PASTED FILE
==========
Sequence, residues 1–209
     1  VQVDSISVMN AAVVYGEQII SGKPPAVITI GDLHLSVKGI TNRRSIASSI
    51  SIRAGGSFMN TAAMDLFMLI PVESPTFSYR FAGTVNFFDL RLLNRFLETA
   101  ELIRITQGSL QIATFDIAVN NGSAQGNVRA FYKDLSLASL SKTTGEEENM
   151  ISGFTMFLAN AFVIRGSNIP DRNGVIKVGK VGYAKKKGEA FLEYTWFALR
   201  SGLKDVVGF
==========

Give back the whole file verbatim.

Sequence, residues 1–209
     1  VQVDSISVMN AAVVYGEQII SGKPPAVITI GDLHLSVKGI TNRRSIASSI
    51  SIRAGGSFMN TAAMDLFMLI PVESPTFSYR FAGTVNFFDL RLLNRFLETA
   101  ELIRITQGSL QIATFDIAVN NGSAQGNVRA FYKDLSLASL SKTTGEEENM
   151  ISGFTMFLAN AFVIRGSNIP DRNGVIKVGK VGYAKKKGEA FLEYTWFALR
   201  SGLKDVVGF